LAKE PLACID, N.Y. - Despite steady rain, falling temperatures and oncoming snowfall, Chris Mazdzer opened the 2010-2011 luge season Friday in Lake Placid with the inaugural training run of the fall campaign on Mount Van Hoevenberg.
As the training session concluded, temps were falling to the point where rain changed to heavy snow.
The 2010 Winter Olympian, from Saranac Lake, N.Y., led a group of 13 members of the U.S. Luge Team down the track as preparations for the new World Cup and World Championship season began in earnest.
As is typical for a first day, the men's singles athletes departed from the lower women and doubles start, giving them a three-quarters of a mile, 16-turn course. In the next day or two, those luge racers will elevate to the men's start.
"Today was about having fun and remembering why we do all the training and hard work," said Mazdzer, defending Norton National Champion and 13th at the Vancouver Olympic Winter Games, marking his best international result.
"It was a good day. The weather was warm so the ice was a little softer. That gave us grip and we could get away with some mistakes. But as it gets colder, the ice will get faster.
"I think we were all a little nervous for the first day," added Mazdzer. "We were off the ice for a little while, but we all know it's there. By the third curve, I said, 'I've got this.'"
The women and doubles disciplines slid from their normal starts, including two-time Olympian and 2009 World Champion Erin Hamlin, of Remsen, N.Y.
Like Mazdzer, Hamlin's last runs in Lake Placid occurred in March when she captured the Norton National Championships, and has been anxious to return to the ice.
"I've been ready to slide again," said Hamlin. "We had a cold morning last month and I was reaching for my gear."
Hamlin's World Cup season prior to the Vancouver Winter Olympics marked a breakthrough as she took the first three medals of her career, all bronze.
"Today I felt pretty comfortable right away," she continued. "The runs were good and the track was in good shape. All the transitions (between curves) were nice."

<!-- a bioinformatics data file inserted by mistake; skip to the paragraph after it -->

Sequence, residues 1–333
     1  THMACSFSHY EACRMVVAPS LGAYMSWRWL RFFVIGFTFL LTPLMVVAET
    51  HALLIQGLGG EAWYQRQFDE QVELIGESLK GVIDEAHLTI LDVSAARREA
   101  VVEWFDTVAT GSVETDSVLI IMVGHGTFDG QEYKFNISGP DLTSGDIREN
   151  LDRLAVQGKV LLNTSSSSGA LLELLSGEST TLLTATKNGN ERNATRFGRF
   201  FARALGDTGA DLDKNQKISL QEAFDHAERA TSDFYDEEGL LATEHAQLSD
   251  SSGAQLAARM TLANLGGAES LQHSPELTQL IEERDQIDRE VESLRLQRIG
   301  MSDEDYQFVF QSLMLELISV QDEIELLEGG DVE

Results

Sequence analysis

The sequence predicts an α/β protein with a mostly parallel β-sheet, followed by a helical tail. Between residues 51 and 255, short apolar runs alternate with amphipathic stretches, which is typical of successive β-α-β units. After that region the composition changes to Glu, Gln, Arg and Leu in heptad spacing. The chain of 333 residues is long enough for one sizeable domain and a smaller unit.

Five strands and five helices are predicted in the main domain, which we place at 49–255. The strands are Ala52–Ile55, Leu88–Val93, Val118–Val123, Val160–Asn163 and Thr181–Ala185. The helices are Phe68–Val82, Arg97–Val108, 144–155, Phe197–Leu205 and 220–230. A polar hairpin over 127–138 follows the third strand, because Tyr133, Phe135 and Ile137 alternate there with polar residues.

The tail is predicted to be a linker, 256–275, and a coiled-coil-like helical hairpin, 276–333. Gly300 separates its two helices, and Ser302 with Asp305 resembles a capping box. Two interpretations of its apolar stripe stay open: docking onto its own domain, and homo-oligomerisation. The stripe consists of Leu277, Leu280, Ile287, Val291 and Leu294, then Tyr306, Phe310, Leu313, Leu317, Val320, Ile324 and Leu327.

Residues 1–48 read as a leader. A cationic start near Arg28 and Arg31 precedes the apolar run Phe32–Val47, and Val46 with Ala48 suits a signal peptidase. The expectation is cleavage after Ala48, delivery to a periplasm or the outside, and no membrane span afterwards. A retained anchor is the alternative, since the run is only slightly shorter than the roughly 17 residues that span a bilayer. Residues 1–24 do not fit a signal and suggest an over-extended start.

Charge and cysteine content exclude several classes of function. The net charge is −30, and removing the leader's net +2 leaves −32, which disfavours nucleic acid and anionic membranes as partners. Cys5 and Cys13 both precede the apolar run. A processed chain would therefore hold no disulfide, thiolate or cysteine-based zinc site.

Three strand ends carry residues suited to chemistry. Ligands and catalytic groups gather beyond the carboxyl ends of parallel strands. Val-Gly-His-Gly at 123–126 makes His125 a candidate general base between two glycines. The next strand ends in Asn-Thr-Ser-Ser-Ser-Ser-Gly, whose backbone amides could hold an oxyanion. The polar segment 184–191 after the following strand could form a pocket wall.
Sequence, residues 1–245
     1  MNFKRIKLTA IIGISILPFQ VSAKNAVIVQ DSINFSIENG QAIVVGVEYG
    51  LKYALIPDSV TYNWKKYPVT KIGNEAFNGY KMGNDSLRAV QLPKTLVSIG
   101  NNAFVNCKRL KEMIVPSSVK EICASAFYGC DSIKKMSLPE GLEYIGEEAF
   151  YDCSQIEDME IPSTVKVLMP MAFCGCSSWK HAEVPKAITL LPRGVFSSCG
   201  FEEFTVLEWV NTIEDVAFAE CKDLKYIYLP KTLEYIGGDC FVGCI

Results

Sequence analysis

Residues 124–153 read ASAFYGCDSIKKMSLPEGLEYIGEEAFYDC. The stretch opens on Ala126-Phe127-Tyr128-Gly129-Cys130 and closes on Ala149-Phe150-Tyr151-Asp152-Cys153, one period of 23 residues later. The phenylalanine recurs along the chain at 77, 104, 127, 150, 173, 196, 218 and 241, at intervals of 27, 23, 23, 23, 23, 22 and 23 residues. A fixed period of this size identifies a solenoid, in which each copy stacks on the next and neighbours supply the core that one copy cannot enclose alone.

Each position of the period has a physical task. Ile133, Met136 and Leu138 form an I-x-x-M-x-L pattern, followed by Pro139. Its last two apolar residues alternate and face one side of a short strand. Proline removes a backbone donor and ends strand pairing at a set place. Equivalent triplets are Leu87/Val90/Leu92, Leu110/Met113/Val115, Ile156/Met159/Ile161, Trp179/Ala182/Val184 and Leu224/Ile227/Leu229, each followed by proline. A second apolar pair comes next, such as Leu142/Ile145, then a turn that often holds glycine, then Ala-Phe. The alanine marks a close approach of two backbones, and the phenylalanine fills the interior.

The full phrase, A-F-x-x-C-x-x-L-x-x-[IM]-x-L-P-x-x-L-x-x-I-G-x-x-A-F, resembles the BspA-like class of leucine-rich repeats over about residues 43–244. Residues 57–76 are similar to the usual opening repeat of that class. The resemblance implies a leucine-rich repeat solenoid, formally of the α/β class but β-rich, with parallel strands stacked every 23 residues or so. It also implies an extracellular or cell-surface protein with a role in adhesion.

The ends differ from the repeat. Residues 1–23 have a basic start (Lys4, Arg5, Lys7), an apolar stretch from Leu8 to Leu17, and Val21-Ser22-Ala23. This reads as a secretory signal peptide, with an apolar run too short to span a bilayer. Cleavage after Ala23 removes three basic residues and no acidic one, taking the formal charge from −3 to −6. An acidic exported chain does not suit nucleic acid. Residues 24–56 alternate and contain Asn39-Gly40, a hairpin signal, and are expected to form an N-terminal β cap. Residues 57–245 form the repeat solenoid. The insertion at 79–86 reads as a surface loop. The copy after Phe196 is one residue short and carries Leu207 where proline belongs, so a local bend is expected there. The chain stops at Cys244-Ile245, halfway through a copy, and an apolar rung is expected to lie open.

Now the 23 year old is seeking to take that World Cup achievement and carry it further.
"I want to keep improving. Last year was really good and I want to get better from there. The world championship track at Cesana (Italy) is one where I've had success. But I have to qualify first."
In the absence of an Olympic Games, the world championship is the next closest major event, scheduled for late January on the 2006 Olympic course.
Day one also brought a new doubles team to the track. Christian Niccum, of Woodinville, Wash., and Jayson Terdiman, of Berwick, Pa., have hopped on the same sled, and took no time warming up to the occasion. Instead of training from a lower start, Niccum, sixth at Vancouver with Dan Joye, and Terdiman, went right to the doubles start.
"It was good. The fit is perfect," said Niccum. "Aerodynamically we're good and it was good going on the start."
"We had solid runs. I'm happy about it," added Terdiman.
It was also the first time in a different role for Program Director Mark Grimmette. The five-time Olympian, with silver and bronze medals on his resume, has transitioned from athlete to coach.
"The athletes were excited to be back on the ice. You could see that," said Grimmette. "Several of them, Chris and Erin in particular, picked it up right away. Niccum and Terdiman had a good first session together and should learn to gel together quickly.
"At this time of year, it's about getting comfortable on a sled again."
The Americans will train daily in Lake Placid, weather permitting, into November.